New article problematizes the usage of the tax gap concept
[2017-09-26] FairTax researcher Lotta Björklund Larsen recently published the article “Mind the (tax) gap: an ethnography of a number” in the Journal of Cultural Economy (Volume 10, 2017 - Issue 5, pp. 419-433)
Estimating the gap is a way of assessing the amount of missing tax income in society. Following its development over time – is it shrinking or increasing? – is also a way of assessing the efficiency of tax collection. Furthermore, to know what constitutes the gap and how it is made makes it possible for tax collectors and policy-makers to introduce measures to increase tax compliance. In the article, “Mind the (tax) gap: an ethnography of a number”, Lotta Björklund Larsen examines the tax gap concept, and how the resulting number is used by various stakeholders in Swedish society in order to impact the discourse on tax compliance.
“The article looks carefully at the making of the tax gap as a calculative practice by the Swedish Tax Agency, points to the challenges in assessing it (of which the makers of this number are very much aware) and reveals examples of its careless usage by various stakeholders in Swedish society who aim to impact tax compliance discourse. I explore the tax gap as a cultural phenomenon; by looking at its construction, its usage and the arguments used to support or defy it in various documents.” Says Lotta Björklund Larsen.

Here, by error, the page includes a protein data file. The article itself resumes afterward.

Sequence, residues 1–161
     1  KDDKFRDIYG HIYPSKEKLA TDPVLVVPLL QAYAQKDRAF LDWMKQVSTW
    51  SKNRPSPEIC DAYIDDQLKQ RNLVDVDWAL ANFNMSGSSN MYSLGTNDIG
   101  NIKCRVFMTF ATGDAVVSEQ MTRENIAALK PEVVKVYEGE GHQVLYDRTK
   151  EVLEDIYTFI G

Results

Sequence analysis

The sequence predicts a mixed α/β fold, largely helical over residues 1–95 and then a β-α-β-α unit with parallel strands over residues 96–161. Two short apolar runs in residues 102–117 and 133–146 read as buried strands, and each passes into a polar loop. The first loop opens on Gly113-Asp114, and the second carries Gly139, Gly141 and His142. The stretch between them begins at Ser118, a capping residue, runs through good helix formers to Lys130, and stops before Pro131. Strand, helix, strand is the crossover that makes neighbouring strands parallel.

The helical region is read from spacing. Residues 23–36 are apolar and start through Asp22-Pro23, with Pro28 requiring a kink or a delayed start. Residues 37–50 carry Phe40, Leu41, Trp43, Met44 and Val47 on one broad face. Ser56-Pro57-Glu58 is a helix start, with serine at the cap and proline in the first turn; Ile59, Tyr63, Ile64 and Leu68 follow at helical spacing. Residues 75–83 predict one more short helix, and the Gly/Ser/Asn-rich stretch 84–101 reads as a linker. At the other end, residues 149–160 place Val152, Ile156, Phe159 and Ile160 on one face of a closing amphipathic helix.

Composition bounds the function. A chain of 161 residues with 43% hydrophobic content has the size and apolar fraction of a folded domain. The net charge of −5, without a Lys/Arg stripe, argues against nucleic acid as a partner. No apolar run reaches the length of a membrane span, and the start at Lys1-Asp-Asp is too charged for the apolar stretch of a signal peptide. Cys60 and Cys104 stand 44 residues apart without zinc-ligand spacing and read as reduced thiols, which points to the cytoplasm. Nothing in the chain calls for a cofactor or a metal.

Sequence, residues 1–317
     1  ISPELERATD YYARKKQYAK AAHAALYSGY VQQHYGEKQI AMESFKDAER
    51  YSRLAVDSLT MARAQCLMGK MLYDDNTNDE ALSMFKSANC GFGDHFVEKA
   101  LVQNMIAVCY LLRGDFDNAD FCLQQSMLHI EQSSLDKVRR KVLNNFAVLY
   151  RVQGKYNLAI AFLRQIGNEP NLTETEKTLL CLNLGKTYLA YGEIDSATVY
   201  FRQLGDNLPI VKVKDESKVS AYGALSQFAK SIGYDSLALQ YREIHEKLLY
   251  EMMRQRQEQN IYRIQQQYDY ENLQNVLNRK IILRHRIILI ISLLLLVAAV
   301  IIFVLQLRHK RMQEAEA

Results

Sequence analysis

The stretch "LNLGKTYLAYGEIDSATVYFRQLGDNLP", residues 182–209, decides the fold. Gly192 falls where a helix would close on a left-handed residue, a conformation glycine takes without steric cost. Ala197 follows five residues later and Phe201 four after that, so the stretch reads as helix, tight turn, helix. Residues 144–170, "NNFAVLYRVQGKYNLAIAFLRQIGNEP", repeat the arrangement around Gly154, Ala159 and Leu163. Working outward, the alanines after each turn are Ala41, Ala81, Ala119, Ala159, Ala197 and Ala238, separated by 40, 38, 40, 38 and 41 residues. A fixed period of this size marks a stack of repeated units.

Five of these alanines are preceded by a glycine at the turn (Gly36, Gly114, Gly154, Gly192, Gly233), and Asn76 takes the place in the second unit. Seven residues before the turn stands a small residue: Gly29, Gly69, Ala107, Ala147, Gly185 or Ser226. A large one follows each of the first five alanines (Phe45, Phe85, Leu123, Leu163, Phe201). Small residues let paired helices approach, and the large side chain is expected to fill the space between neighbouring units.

On a more general level, the tax gap is an example of how a number that describes a complicated reality is calculated with many caveats attached to it, yet used with certainty in society. It is an example of a number that performs a dual function: on the one hand mobilizing people’s morals and subsequent commitments and on the other hand measuring such commitments.
“Yet in fact, the estimated tax gap of a country says very little. It is a number that is clearly recognized as a guesstimate by its calculators; numerous caveats in its making are noted in many explicit statements and footnotes arguing for caution while using it. Although the analysts know that there is a tax gap, they underscore the lack of ‘basic data’ and note that some of the underlying assessment studies do not properly describe sampling methods, population and calculations. Maybe it is time to seriously consider scrapping the gap number and concentrating on what the gap contains, as any verbal reasoning about a specific number gets lost in the very complexity of what it actually attempts to measure.” Says Lotta Björklund Larsen.
Read the article “Mind the (tax) gap: an ethnography of a number” at:
Editor: Elin Andersson
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